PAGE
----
The sending of material in advance to be used later at a specific time could be referred to as synchronized asynchronous.

Synchronous Learning

Important educational interactions:

  1. Asynchronous
    • learner – learner(s)
    • teacher – learner (“Learning to teacher”)
    • learner – material (“Learning to content”)
  2. Synchronous
    • teacher – learner

Soo (1998) and Anderson (2008).

Information diffusion analysis or Quantitative Data Analysis (QDA) of student discussion? (Agrawal, et al 2012 and Dreon and McDonald 2012).

Much of traditional education is synchronous, in the dictionary meaning of the word: students are provided a timetable of what they need to do and when. Students then synchronise their activities by reference to a calendar and clock, without the need for high speed electronic communications. Also many classroom activities are asynchronous, in that individual students, or groups, are performing different activities at the same time, or the same activities at different times.

Soo (1998) explores the concept of “interaction” in on-line distance education, using the Delphi technique with a group of education experts. Eight categories of interaction were identified, being permutations of synchronous/asynchronous, learner/teacher and material/self reflection/learner. The Delphi process found the important educational interactions were Asynchronous: learner – learner(s), teacher – learner and learner – material. The next most important was Synchronous teacher – learner. The least important were Synchronous learner interactions.

Anderson (2008) emphasizes the learner centric and social nature of on-line learning. However, their arguing that the on-line environment is a unique cultural context is overstating the case. Academics have used written communication for a culture of scholarship, long before the invention of the Internet.

In defining on-line learning, Anderson highlights the importance of "Interaction", with the "Educational interactions" model proposed identifying “Learning to content”, “Learning to teacher”, “learner to learning”, amongst other interactions. However, a simpler model could have just people communicating with each other, via any available media (such as a computer bulletin board, or a book).

Siemens (2005) equates three learning terms with epistemological terms:

  1. Behaviorism to objectivism: What is produced with education is an observable change in student behavior, as part of objective reality.
  2. Cognitivism to Pragmatism: Learning comes from doing practical exercises and thinking about that experience, not just abstract study of concepts.
  3. Constructivism and Interpretivism: The learning takes place when the student builds their own internal model of the topic of study.

Principles of connectivism are listed, including diversity of opinions, connecting information sources, Capacity to know, continual learning, and decision-making as a learning process. One principle which appears at odds with the others is: "Learning may reside in non-human appliances".  Coward (2009) reports how investigation of the physiology of the brain provides insights into how the brain works as well as a way to emulate it in software. This may provide new insights which could be applied to education.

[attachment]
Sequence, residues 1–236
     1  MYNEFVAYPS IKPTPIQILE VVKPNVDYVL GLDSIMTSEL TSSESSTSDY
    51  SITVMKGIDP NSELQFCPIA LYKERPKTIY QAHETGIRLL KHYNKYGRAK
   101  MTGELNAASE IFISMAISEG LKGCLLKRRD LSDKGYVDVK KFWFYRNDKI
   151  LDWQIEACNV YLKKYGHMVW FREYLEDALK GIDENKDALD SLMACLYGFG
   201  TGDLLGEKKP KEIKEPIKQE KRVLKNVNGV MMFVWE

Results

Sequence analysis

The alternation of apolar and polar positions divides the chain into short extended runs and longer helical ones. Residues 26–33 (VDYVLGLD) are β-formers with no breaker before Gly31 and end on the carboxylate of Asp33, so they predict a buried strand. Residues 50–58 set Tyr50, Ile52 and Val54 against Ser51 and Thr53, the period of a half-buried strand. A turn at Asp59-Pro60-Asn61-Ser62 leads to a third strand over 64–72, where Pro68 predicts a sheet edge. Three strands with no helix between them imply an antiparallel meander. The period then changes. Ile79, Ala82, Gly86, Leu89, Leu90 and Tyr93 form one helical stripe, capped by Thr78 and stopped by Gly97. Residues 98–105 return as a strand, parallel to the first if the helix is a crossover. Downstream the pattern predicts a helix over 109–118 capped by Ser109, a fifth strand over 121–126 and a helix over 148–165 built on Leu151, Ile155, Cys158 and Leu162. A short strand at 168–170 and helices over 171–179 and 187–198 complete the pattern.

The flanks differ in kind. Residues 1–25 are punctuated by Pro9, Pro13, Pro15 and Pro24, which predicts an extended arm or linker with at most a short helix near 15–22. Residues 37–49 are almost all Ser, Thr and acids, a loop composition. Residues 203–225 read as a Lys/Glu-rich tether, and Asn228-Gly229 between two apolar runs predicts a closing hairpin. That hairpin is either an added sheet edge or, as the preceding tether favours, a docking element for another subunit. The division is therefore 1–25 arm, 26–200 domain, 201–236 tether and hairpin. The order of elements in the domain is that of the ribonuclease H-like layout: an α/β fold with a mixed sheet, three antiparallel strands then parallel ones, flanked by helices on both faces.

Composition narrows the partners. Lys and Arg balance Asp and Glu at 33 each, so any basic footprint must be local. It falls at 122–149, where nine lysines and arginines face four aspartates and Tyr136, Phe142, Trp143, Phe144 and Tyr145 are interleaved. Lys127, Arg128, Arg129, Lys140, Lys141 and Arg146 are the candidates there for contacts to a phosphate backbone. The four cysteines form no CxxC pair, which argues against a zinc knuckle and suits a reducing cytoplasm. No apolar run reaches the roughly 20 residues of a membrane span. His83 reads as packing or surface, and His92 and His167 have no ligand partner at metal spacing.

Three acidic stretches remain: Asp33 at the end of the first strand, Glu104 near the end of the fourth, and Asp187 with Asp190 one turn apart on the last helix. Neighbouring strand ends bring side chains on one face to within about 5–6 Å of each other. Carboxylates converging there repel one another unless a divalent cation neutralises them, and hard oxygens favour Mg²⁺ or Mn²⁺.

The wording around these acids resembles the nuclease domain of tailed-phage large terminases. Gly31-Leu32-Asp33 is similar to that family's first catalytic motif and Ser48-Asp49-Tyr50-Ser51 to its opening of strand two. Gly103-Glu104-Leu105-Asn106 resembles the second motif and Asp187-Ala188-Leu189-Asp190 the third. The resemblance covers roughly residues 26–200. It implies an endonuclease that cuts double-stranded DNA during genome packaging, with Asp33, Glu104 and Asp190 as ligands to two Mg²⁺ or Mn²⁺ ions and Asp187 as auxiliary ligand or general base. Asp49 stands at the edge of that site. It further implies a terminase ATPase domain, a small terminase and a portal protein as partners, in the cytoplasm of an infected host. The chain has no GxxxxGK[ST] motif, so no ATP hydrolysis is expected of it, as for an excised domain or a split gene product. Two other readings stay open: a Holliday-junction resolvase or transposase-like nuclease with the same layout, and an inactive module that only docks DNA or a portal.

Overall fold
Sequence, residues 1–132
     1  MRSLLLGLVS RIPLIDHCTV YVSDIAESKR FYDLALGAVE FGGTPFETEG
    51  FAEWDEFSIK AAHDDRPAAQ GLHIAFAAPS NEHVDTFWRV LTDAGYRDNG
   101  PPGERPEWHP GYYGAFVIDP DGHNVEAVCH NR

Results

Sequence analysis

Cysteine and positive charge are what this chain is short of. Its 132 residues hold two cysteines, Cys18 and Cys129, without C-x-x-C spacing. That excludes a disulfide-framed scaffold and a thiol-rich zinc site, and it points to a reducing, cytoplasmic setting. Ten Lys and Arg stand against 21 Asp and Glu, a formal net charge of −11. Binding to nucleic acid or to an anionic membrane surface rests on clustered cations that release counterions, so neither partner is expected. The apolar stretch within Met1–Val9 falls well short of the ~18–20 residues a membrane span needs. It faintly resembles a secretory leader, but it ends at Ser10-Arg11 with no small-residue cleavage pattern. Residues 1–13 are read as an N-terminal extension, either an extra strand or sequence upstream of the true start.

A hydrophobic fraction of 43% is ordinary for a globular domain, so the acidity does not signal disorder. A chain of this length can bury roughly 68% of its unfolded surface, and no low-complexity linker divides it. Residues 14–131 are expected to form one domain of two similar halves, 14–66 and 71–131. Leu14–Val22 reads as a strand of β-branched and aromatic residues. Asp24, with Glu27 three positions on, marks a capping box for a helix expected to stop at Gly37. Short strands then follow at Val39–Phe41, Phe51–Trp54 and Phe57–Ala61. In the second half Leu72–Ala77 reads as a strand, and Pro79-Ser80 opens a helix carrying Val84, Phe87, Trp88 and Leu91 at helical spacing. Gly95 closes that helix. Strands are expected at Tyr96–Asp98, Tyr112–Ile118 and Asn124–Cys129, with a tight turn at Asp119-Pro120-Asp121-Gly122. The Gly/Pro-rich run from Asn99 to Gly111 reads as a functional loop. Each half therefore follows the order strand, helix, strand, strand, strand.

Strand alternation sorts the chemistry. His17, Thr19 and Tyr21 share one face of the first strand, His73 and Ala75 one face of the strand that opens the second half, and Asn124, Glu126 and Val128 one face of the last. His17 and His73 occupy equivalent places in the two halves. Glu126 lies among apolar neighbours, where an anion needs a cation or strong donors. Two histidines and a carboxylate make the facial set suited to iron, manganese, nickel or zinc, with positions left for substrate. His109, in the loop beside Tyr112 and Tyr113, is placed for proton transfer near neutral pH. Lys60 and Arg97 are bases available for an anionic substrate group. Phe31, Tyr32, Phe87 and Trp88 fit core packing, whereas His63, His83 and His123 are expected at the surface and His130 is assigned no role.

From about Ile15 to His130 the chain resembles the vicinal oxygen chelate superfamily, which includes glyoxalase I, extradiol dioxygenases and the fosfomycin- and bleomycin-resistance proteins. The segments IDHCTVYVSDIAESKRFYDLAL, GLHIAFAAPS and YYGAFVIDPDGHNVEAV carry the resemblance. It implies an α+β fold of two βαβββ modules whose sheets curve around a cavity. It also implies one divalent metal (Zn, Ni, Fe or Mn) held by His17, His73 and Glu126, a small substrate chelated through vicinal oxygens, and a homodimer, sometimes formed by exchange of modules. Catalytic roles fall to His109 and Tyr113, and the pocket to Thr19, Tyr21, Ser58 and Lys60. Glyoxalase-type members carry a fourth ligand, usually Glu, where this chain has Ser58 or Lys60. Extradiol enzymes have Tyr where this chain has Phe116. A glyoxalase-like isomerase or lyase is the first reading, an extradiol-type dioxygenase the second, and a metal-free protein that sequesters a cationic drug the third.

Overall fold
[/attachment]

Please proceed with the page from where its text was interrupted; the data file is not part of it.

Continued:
Kop and Hill (2008) ask if learning theories, and connectivism in particular, meet the needs of learners and will do so in the future. The role of the " learning community" in connectivism is  emphasized. The paper goes on to describe "Epistemological Frameworks for Learning" and "Compatibility of Connectivism and Formal Education". The paper concludes by suggesting a "radical discontinuity" due to a flood of new on-line sources of information, which be particularly problematic for schools, which are less Connectivist than higher education.  The paper ends by suggesting a "paradigm shift" may be occurring, but does not say what it is.

The flood of new on-line information source's predicted by Kop and Hill has occurred, but without the predicted paradigm shift. The news media on-line sources mimic traditional broadcast and print publications. The limited interactivity provided is similar to the store and forward forums provided in educational software. On-line learning communities use software which supports a similar mode of interaction and appears conventional in format. This may be because on-line educators and tool developers are limited in their thinking by the synchronous/asynchronous dichotomy.

Information diffusion analysis has been applied to investigating how rumors spread through social networks (Agrawal, et al (2012)). The same analysis techniques could be applied to on-line student discussion, to identify what roles students (and the tutors) play in information diffusion in the class. This information could be used to identify when information has spread through the class. This electronic document is a “live” template and already defines he need for a formal test. The result would be a form of synchronization of the asynchronous learning process, identifying when the class has reached a level of understanding of a topic, so they can move on to the next.